Sask. sports face uncertain season due to COVID-19
REGINA -- There will likely be no return to play before the end of March for sports organizations in Saskatchewan.
On Jan. 13, Ken Dueck from the Provincial Government’s Business Response Team held a virtual call with all provincial sport governing bodies. Dueck announced there would be no consideration of return to play (games) for at least four weeks.
He also gave the impression that the likelihood of things changing before the end of March is bleak, given the increase of COVID-19 cases in Saskatchewan. There are over 65 provincial sport bodies in Saskatchewan under the SaskSport umbrella, including Skate Canada Saskatchewan.
“It’s been a challenge on several levels of trying to understand the guidelines and try to figure out how can you run your program within those guidelines,” said Danielle Shaw, executive director of Skate Canada Saskatchewan. “Having to wait [for restriction announcements] was like, you’re planning and you still didn’t know whether you could go, right? So a decision had to be made.”
Doug Pederson, executive director of SaskSoccer, echoed the same thoughts.
“It was disappointing to hear that game action is not likely to be possible in the next couple of months, but we really appreciated the business response team giving us some advance notice,” said Pederson. “When major changes were announced with little forewarning, it’s really difficult to be effective in our planning, we’re basically sitting in wait and see mode every week.”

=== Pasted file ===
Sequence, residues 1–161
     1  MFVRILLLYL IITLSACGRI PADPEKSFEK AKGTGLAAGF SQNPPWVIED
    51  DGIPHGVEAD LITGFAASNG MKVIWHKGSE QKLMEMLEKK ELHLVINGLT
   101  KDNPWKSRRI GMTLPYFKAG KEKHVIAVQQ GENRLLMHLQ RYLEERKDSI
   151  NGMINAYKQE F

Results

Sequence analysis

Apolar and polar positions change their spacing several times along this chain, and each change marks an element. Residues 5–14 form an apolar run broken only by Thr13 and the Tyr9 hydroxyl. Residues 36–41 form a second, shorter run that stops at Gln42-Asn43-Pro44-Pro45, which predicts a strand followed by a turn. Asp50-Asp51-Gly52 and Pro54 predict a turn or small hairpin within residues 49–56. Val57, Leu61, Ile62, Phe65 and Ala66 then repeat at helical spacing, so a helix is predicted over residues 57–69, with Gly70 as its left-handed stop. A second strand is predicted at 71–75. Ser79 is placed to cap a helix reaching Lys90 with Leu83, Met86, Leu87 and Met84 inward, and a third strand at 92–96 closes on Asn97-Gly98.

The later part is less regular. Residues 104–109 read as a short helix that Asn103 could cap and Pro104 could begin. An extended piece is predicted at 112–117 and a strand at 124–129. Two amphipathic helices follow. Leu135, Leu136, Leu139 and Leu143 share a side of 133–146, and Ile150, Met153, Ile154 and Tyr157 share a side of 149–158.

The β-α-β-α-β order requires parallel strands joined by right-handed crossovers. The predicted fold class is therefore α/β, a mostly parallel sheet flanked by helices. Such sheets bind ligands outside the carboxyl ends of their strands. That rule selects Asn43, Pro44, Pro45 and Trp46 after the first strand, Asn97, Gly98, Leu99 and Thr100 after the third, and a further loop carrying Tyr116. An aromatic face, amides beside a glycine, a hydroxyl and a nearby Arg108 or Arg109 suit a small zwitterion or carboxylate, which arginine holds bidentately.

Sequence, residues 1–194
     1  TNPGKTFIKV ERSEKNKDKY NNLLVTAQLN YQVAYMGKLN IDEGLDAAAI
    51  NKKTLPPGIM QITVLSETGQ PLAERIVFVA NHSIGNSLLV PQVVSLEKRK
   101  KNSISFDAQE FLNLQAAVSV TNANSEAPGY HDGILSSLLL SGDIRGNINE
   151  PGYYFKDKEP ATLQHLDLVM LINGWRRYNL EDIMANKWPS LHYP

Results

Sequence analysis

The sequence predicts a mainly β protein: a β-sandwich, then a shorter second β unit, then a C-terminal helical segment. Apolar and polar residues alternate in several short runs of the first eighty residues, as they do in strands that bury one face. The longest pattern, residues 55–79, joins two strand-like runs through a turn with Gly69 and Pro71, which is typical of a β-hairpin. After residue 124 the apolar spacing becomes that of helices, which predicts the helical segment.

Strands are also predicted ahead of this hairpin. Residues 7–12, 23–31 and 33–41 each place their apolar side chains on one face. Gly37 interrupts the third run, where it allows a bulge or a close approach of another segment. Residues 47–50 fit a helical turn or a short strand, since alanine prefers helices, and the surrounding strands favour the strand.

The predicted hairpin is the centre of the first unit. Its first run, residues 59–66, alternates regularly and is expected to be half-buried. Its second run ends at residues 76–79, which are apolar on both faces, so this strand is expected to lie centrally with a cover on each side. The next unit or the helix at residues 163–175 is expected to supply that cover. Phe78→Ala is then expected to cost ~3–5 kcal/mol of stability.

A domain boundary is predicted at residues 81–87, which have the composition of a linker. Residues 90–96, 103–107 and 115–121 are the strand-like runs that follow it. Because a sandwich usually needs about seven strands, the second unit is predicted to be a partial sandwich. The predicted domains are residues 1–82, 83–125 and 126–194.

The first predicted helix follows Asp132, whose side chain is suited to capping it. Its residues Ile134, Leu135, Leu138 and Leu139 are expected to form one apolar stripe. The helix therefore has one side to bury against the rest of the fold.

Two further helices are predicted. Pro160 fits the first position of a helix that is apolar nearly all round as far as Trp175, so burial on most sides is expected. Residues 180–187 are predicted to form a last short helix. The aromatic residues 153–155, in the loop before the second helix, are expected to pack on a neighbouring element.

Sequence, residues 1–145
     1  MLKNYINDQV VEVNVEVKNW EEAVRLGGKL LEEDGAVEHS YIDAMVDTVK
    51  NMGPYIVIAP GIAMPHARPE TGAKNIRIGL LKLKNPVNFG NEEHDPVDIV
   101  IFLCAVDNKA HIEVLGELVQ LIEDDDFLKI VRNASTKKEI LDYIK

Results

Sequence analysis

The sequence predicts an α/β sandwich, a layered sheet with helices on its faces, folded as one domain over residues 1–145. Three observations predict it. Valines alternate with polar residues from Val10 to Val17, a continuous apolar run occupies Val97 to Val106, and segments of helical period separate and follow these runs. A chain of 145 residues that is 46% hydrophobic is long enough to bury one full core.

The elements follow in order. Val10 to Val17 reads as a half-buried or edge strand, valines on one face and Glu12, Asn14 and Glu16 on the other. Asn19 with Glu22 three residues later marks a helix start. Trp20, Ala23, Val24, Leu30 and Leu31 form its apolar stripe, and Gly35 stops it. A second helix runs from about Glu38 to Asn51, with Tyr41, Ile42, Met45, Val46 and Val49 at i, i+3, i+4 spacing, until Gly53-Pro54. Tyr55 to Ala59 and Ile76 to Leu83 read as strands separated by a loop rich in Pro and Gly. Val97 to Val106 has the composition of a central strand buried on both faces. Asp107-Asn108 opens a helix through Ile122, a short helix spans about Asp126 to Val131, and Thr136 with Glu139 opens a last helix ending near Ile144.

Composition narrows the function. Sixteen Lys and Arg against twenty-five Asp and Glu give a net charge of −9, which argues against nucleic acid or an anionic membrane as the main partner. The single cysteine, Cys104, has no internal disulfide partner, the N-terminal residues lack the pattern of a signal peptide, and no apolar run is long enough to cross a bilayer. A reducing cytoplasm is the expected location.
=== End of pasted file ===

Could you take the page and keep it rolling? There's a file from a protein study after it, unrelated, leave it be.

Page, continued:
Both sports bodies agree that honest clarity from the Business Response Team allows them to plan farther ahead and cancel any plans for championships or competitions with ample warning.
“We’ve been living week to week since mid March and this was really the first time we had any advance knowledge on what we might expect,” Pederson said.
The province put a pause on team sports – including games and practices – for the second time in November because of a surge in COVID-19 infections.
Athletes under 18 can continue to train, but only in groups of eight or fewer. There must be at least three metres of distance between participants. Coaches and trainers are not counted, as long as they are wearing masks.
High performance athletes over the age of 18 still cannot train with a coach or in a group in Saskatchewan. A handful are preparing for major sporting events, like the Tokyo 2020 Olympics – which are scheduled to take place in July 2021 – however, the provincial government has not made any exemptions to allow this group to practice.